I first met Lori Bruno fifteen years ago while working as a reporter in Salem, Massachusetts’s, covering the so-called Witch City’s mix of art, maritime history along with its vibrant pagan community. At the time Bruno, 68, was introduced to me as a true Italian strega, one who practiced Sicilian witchcraft. Bruno, had just opened a new shop in town and I was asked to cover it for a story. Having grown up in a religious home where even the Smurfs were forbidden for their mystical influence, I had some negative preconceived ideas about witchcraft. But, during a sit-down visit to her home, Bruno quickly won me over. With her broad smile and Boston accent, she felt instantly familiar, like a long-lost Italian relative I’d never met. She called me, “Bella”, made me tea and we chatted for hours in her kitchen about our common southern Italian roots and strange Italian superstitions.
When my editor at Italian America recently assigned me a story on La Befana I joked that I knew the real-life Befana and offered to call her up. An online search yielded Bruno’s phone number, and soon we were chatting like no time had passed. These days- after a covid-induced hiatus- the eighty one year old witch is back to giving psychic readings and running her Salem shop Magika that sells books, candles, and other new age merchandise.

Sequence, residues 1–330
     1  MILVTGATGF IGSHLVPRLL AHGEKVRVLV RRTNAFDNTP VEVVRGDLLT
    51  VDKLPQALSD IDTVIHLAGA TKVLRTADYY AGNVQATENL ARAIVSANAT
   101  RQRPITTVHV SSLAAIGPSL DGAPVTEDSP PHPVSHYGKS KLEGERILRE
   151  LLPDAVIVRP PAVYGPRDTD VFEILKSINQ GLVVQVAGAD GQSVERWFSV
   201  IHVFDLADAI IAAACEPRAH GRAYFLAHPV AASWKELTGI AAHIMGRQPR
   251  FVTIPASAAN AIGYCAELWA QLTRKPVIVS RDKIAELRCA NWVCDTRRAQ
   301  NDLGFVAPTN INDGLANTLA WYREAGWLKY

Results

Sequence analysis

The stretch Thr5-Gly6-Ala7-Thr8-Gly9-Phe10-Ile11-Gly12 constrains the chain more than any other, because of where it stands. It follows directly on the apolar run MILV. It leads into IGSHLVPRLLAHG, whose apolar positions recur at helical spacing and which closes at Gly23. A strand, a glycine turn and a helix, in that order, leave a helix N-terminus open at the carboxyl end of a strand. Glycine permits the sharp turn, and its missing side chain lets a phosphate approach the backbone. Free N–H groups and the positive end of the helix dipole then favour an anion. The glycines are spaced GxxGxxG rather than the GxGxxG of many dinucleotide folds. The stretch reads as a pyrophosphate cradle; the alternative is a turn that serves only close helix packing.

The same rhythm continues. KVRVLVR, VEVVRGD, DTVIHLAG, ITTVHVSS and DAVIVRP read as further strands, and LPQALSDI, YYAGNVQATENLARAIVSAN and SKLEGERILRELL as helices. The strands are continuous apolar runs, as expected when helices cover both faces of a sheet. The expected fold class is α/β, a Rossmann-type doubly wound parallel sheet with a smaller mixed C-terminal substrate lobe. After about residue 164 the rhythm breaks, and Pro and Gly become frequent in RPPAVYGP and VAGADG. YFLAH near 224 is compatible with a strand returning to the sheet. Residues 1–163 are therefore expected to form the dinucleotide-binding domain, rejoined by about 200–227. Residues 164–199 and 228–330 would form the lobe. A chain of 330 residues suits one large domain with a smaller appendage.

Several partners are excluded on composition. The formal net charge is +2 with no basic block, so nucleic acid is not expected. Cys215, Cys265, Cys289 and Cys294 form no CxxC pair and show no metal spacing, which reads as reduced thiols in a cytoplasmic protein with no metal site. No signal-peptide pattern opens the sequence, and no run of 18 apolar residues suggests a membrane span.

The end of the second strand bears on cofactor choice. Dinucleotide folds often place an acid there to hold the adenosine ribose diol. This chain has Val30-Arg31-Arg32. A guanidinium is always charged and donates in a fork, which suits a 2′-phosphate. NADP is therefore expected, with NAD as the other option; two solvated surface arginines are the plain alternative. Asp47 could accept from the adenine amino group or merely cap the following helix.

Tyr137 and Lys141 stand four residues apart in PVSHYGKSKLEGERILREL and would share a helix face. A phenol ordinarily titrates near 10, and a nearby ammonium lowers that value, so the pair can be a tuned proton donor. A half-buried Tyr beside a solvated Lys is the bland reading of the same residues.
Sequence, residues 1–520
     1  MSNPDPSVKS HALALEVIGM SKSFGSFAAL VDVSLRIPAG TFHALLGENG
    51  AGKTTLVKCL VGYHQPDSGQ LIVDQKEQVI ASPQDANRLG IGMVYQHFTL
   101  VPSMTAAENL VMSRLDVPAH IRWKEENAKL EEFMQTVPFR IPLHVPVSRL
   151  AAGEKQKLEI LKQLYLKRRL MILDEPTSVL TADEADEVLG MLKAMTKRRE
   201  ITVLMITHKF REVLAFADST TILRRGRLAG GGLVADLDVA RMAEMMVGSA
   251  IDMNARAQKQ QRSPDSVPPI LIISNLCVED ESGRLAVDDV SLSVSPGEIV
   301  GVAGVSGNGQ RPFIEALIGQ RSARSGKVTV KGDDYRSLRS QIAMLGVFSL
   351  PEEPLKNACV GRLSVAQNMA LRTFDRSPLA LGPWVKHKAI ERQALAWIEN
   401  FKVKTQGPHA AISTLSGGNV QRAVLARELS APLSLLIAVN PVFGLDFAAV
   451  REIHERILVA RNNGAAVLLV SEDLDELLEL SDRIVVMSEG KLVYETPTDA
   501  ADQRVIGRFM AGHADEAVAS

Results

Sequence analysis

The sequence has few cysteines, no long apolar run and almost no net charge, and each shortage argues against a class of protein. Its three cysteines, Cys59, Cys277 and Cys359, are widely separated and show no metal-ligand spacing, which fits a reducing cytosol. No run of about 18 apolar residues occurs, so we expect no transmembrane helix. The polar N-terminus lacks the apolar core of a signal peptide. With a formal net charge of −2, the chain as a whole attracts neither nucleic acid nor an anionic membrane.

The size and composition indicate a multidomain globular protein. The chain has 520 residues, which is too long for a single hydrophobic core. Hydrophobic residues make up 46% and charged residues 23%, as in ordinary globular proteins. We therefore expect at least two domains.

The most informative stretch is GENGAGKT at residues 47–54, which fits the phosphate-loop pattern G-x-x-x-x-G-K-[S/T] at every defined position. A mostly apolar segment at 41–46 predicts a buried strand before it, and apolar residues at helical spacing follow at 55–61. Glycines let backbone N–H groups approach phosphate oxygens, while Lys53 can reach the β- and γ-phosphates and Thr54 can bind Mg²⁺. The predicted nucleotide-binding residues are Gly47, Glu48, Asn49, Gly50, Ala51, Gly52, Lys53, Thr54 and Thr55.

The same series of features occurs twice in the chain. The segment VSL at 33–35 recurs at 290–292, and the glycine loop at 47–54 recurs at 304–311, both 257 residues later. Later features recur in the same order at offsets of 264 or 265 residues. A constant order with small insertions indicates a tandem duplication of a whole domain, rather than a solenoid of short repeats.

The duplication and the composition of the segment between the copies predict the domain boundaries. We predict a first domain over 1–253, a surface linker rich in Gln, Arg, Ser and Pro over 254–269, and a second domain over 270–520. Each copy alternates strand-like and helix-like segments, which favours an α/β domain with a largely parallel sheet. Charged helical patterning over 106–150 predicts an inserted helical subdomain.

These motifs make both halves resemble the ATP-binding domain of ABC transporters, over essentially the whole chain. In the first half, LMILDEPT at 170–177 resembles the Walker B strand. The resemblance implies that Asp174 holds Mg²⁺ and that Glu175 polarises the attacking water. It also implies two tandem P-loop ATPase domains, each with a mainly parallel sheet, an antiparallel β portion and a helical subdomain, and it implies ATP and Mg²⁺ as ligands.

It’s no surprise the long-time witch is thriving. Bruno’s combination of grandmotherly warmth, Italian folk magic and psychic ability has garnered her much attention through the past five decades including a spread in The Wall Street Journal ten years ago during the housing crisis, when she was hired by new home-owners to perform cleansing rituals on foreclosed homes believed to hold bad vibes.
A second-generation Italian whose parents hailed from Sicily and Naples, Bruno grew up in Brooklyn in the 1950’s in a neighborhood rich in cultural diversity. Immigrant neighbors, many of them Italian, would regularly come to her house to visit her mother who was known for her healing powers. “She would take away headaches and say prayers for the Evil Eye,” Bruno recalls. “She would do readings and tell people about the dead.”